According to the CBS News survey, 57 percent of Americans think a temporary ban on refugees clashes with the founding principles of the United States. Among Republicans, however, nearly seven in 10 see a ban as consistent with the country’s founding principles. And who opposed Trump’s immigration and refugee orders in the same survey? Democrats and a majority of independents, the survey found.
Like many of his predecessors, Trump and his senior political advisers comb through public opinion surveys to assess the public mood, including data analyzed by media outlets. The information influences White House communications, and there have been clues in the last two weeks suggesting that voter sentiments help shape how and when policy decisions are announced in the West Wing.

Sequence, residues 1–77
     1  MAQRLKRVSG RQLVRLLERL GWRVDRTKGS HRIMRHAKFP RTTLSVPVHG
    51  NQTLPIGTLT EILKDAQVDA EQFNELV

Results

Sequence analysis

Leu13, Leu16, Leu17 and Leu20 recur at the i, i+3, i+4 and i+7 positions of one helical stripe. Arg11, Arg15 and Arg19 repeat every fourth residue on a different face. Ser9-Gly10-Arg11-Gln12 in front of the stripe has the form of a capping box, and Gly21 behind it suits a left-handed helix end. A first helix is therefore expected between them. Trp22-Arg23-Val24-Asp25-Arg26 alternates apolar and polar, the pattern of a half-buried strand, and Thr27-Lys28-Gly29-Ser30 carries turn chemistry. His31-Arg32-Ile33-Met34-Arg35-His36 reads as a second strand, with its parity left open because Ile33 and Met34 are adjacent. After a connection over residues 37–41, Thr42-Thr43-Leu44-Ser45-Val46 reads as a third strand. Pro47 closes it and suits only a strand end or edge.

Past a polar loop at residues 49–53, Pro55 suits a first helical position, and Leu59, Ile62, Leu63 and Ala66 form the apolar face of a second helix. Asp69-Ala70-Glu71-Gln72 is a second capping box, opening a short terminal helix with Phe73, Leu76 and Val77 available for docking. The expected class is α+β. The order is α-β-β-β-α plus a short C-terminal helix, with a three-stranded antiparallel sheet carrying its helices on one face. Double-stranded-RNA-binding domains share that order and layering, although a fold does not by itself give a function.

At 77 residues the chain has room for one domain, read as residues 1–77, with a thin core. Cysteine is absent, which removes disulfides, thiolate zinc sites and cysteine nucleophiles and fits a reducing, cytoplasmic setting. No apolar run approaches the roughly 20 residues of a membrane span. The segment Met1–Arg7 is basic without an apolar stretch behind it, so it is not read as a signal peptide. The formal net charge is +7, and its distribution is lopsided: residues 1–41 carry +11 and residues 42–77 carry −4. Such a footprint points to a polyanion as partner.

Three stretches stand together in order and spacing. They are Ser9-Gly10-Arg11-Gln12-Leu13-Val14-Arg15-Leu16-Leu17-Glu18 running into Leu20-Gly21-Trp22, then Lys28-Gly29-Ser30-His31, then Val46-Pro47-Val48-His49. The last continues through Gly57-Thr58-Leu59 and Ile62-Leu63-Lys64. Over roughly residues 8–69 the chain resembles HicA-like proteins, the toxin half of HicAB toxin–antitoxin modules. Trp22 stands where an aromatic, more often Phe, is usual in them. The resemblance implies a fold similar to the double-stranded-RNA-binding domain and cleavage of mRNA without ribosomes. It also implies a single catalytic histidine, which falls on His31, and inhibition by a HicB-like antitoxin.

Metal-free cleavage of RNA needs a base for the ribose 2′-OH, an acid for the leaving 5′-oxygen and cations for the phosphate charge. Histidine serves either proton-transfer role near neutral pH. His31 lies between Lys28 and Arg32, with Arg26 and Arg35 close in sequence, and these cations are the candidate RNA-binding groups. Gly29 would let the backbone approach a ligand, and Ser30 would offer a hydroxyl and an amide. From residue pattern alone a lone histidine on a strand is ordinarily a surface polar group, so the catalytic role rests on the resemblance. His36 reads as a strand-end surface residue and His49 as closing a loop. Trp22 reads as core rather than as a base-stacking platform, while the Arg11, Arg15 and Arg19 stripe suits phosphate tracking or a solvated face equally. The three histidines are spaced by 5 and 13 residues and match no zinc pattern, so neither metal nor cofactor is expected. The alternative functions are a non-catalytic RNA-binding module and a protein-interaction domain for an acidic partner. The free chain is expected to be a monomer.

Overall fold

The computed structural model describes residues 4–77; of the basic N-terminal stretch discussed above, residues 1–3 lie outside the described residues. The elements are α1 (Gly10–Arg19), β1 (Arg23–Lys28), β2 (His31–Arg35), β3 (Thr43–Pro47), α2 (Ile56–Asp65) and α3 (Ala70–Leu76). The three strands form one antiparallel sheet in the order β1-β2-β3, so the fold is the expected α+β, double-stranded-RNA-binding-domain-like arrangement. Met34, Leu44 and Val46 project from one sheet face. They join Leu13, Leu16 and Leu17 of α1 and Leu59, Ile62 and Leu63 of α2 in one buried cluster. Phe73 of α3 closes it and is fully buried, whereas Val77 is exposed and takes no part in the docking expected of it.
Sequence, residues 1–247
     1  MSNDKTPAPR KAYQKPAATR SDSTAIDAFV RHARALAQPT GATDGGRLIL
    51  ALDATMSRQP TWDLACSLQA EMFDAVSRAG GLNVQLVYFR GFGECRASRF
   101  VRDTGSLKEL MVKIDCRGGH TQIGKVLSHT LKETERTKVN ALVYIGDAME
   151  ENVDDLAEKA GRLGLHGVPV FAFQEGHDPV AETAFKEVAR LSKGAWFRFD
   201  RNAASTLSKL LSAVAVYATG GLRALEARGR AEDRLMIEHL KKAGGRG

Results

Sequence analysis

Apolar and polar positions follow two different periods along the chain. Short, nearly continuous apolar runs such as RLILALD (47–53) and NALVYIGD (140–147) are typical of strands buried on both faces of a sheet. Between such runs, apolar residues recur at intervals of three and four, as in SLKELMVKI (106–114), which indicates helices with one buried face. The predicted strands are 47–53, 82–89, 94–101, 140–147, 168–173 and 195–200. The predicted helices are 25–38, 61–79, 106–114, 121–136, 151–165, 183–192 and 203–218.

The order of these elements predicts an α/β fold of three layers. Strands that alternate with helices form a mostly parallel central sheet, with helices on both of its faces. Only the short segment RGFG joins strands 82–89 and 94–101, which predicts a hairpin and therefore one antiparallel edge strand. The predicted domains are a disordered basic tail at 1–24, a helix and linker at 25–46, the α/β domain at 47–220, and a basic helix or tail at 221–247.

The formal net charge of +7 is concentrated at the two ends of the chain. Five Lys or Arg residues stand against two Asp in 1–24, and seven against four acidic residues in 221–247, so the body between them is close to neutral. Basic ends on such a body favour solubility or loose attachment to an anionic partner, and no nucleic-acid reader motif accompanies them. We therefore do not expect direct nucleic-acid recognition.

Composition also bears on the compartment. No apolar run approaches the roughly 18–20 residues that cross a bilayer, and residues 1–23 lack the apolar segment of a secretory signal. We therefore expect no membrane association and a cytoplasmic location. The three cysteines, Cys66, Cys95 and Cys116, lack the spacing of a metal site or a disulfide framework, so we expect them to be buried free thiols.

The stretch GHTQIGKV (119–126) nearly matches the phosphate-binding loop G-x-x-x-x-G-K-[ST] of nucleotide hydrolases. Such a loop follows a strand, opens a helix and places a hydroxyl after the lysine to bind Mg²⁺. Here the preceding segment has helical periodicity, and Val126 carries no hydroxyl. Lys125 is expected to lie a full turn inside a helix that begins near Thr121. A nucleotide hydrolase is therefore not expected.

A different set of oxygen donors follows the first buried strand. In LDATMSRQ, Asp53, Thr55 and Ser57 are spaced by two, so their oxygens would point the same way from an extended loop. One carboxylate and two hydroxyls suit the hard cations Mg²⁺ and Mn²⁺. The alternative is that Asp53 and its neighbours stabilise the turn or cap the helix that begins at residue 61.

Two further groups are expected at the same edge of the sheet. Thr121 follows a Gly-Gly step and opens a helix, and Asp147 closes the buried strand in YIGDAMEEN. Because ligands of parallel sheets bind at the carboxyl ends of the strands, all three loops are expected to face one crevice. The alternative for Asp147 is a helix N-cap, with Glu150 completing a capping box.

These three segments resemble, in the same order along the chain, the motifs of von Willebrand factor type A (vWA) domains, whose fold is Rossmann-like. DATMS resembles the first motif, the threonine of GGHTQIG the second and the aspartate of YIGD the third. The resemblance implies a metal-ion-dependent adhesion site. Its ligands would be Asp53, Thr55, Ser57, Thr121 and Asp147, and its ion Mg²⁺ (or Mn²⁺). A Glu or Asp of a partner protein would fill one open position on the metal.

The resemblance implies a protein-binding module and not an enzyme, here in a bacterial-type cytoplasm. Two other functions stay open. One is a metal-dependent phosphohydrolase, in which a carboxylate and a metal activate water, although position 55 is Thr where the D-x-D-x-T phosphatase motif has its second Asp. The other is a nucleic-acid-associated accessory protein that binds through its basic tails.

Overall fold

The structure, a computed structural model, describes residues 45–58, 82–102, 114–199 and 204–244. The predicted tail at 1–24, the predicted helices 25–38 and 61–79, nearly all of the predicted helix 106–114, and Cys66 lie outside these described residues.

For example, Trump gauged reactions to his immigration orders, which temporarily halted the U.S. acceptance of some refugees and international travelers from seven primarily Muslim countries. While defending his actions against criticism from demonstrators, international heads of state, and members of Congress from both parties, Trump referred to his policy as a “ban,” while his spokesman later argued the result was not a travel ban or ban on Muslims seeking to enter the United States from Iran, Iraq, Libya, Somalia, Sudan, Syria and Yemen.